So the Best Actress race is competitive beyond belief this year. Having seen Portman’s incredible “Jackie” I can’t see her losing to Emma Stone in a musical.Or Annette Bening in a comedy. And then there’s the lovely Black actress Ruth Negga in “Loving,” which is also an extremely nominatable performance. Both Davis and Negga could end up in Best Actress at the Oscars. And then where would we be? They’d cancel each other out?

And placing the brilliant Davis in Supporting diminishes the whole film’s Oscar impact, I feel. This decision makes “Fences” seem already like an also-ran. Like Paramount doesn’t have the faith in it that it should.

Things are going La La in La-La land.

jackie-1jackie-2Very happy and proud to be raving about “Jackie,” a great new film, coming soon, and it will be up for MANY Oscars, Best Picture, Best Director, Best Screenplay, Best Actress(of course) the brilliant Natalie Portman, Best Supporting Actor Peter Sarsgaard and on and on. Best Costumes, Best Score, Best Art Direction, Best Set Decoration, and everything else you can think of!

It’s at Awardsdaily.com and you can go to it by clicking on this link

At NYFF, Natalie Portman in Heartbreaking, Historic “Jackie”

Thank you Sasha and  Ryan for your masterful editing and lay-out!

#Jackie #NataliePortman #PeterSarsgaard #Oscars #BestActress #BestSupportingActor #NYFF

So happy to report on Annette  Bening & Greta Gerwig, Sonia Braga & Adrianna Barrazza all appear in very strong, central roles at the NYFF.

The films are “20th Century Women” (above) and Brazil’s “Aquarius” with Sonia Braga (below)and Mexico’s great Oscar nominee from “Babel” Adrianna Barraza in “Todo lo Demas.”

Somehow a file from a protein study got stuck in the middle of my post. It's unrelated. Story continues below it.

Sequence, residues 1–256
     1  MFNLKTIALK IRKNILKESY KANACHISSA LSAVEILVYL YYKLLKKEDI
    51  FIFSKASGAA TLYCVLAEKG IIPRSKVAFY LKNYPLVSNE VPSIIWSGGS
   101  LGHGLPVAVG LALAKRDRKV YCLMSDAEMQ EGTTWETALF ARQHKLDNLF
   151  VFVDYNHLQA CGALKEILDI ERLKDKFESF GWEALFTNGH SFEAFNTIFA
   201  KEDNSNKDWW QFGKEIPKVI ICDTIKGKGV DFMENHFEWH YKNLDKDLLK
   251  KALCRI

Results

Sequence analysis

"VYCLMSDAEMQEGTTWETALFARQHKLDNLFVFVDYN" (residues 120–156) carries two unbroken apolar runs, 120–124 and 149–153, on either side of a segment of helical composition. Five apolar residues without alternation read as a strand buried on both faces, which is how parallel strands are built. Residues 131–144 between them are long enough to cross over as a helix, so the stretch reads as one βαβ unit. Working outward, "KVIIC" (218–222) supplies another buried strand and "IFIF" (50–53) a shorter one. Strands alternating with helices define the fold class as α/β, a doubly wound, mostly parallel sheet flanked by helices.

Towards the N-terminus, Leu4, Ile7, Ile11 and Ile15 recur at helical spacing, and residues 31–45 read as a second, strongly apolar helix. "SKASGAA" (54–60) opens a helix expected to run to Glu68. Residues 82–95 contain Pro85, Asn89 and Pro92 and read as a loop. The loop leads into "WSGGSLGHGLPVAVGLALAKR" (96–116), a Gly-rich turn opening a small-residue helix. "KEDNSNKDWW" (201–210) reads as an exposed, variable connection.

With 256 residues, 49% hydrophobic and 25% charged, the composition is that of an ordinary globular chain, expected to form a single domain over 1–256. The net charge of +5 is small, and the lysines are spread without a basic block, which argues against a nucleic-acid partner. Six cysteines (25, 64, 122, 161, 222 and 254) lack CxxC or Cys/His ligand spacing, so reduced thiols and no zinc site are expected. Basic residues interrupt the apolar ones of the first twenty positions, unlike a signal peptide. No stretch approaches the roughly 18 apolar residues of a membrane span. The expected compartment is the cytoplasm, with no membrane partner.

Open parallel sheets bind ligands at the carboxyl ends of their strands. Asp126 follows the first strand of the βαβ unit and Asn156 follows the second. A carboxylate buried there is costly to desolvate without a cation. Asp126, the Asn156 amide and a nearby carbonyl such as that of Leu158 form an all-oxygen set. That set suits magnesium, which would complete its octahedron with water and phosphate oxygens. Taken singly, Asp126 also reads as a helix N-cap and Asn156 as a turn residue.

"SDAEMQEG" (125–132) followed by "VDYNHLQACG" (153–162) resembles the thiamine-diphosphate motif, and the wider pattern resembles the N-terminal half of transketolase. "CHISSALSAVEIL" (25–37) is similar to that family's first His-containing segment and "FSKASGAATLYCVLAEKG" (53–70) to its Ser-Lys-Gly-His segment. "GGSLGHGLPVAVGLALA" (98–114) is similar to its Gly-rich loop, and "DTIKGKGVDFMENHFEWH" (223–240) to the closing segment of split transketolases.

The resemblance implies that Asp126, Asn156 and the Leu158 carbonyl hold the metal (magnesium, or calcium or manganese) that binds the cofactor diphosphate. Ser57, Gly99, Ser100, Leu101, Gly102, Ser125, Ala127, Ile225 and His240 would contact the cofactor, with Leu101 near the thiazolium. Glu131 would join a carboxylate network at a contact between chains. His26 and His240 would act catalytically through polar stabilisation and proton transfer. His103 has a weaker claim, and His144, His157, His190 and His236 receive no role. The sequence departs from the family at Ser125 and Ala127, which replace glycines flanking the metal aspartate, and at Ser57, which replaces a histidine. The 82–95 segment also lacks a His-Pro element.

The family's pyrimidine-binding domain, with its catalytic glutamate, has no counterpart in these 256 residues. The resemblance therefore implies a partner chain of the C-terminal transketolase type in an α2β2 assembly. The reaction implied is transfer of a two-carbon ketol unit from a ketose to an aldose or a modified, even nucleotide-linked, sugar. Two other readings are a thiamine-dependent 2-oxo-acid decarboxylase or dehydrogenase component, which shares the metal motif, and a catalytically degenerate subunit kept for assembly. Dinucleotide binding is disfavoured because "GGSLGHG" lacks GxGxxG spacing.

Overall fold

Read my latest article in Awardsdaily.com. “Strong Women Rock Strong Roles”! And they sure do!(link below)sonia-bragaadrianna-barazzahttp://www.awardsdaily.com/2016/10/08/strong-women-rock-strong-roles-at-nyff/

personal-shopper-1Thrilled to be reporting on the magic of K-Stew, Kristen Stewart to most of the world, at the New York Film Festival where she bewitches in two new films “Personal Shopper” and “Certain Women” with a third “Billy Lynn’s Long Half Time Walk” coming up on Friday night.

And THRILLED to be at http://www.awardsdaily.com doing it!

Kristen Stewart Weaves a Magic Spell Over the NYFF

Continued thanks to Sasha and Ryan!

manchester-by-the-sea-3At NYFF, Kenneth Lonergan’s Masterful “Manchester by the Sea”

This year’s New York Film Festival continues its’ winning streak with the debut of Kenneth Longergan’s masterful “Manhchester by the Sea,” one of the best pictures of this or any year.
Kenneth Lonergan has always been one of my favorite playwright/directors and I adored his first film “You Can Count on Me” which brought Laura Linney her first Oscar nomination and established Mark Ruffalo as a screen star. Mr. Lonergan is very concerned with  responsibility in sibling relationships. In “You Can Count on Me” it is a sister(Ms. Linney) and a brother(Ruffalo).